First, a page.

Compassion in Coppell (Commentary)

 Compassion in Coppell (Commentary)With a heavy heart, I took to the airwaves Friday night after what had been a tragic 48 hours or so in North Texas.  Coppell Mayor Jayne Peters (pictured) had gunned down her daughter, Corinne, and then took her own life.

Radio broadcasts and blogs had been filled with comments from people with no sympathy for what family and friends of the mayor and her daughter are now going through:

“She’s a murderer.”

“She’s a coward.”

“I’m glad she’s dead.  One less crazy woman.”

“Why lower the flag for a woman who killed her kid?  She’s honored while the average joe who puts on his work boots every day and makes it happen on a daily basis gets nothing?”

An honest debate over why the flag had been lowered at Coppell city hall was healthy and justified.  There was no honor in what had happened.  Only sadness.

Jayne Peters had lost her husband to cancer recently and was struggling to pay her bills.  We now learn that she had used her government credit card to buy groceries and clothes.  Her daughter, Corinne, had just graduated from the Coppell ISD and had told friends she was preparing to go to UT. But, it turns out the University of Texas had no record of her applying to become a Longhorn.

The more information that emerges about the Peters’ situation, the more it seems they were felt pressured to keep up appearances.

corinne peters Compassion in Coppell (Commentary)In her suicide notes, which were scattered around her apparently unaffordable home, Jayne Peters wrote that 19 year old Corinne (pictured) had become “completely unconsolable.”  She and her daughter had “not slept at all, and neither one of us could stop crying when we were together.”  Mayor Peters asked that there “please, please, please” be no funeral or memorial. Nevertheless, hundreds showed up for a memorial Friday afternoon.

So many mean spirtited comments have been directed at Jayne Peters and it’s not difficult to understand why.  There has been an all out assault on empathy in America. Why wouldn’t this woman have let her family and neighbors know how bad things had become?  Is it because we’re not supposed to lean on others?  Is it because those of us who live in suburban America have been told that no matter what your circumstances may be, your neighbor doesn’t need to be bothered with it?  You should always be self-sufficient.  You should never allow yourself to be seen as weak.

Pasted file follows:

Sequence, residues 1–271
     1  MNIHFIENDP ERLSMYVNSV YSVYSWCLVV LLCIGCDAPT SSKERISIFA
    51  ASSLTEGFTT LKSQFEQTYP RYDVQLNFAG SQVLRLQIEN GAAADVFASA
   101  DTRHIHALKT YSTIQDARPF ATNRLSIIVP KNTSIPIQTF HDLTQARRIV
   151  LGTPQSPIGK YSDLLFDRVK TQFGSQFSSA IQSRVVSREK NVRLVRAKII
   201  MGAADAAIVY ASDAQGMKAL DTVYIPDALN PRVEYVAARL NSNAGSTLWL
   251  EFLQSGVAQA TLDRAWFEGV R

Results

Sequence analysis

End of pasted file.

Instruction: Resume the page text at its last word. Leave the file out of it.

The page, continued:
On my Friday night show, I was overhwhelmed by the outpouring of sympathy.  One caller told me his son had attempted to commit suicide on Father’s Day.  Father’s Day to him now is a celebration of the fact that he’s STILL a father. Another told me they feel there just aren’t any forums in which people are allowed to express support for those who are suffering in tough economic times.

Another listener who lives in Coppell wrote to me:  “As a neighborhood and community, we will get past this tragedy.  However, the family will have to deal with this forever.  Friends will have to deal with this forever…I saw the family go to the house today and I feel terribly sorry for them.”

Those who repeatedly call for personal responsibility are right.  But, there is also a responsibility to let our neighbors know we are there for them and there’s no need to feel such great shame for their failings.

Heaven help us all if we can’t do that.

Scott Braddock


One Comment

  1. Lindi says:

    Bless you Scott Braddock for your compassion and insight. What a sad story.

  2. Kimberly says:

    Thank you for writing this story, Scott. I hope others are saying it of this situation. When I heard about it yesterday, I knew something had to be terribly amiss. But I’ll tell you this much:

    When neighborhood associations demand that people not be allowed to hang a clothesline in their front/back yards, for example, overtly deferring to “keeping up appearances” as justification enough and to which city ordinances are then written in response, I’m not sure how much any of us in this country are genuinely concerned with others’ misfortunes or how the demands of their lives will affect others.

  3. Melissa Whiting says:

    Great insights, Scott. Brings to my mind a Beatles’ song that included a related observation: “Life is very short
    And there’s no time for fighting and fussing my friends.”
    God bless the community of and surrounding Coppell.

  4. Anne says: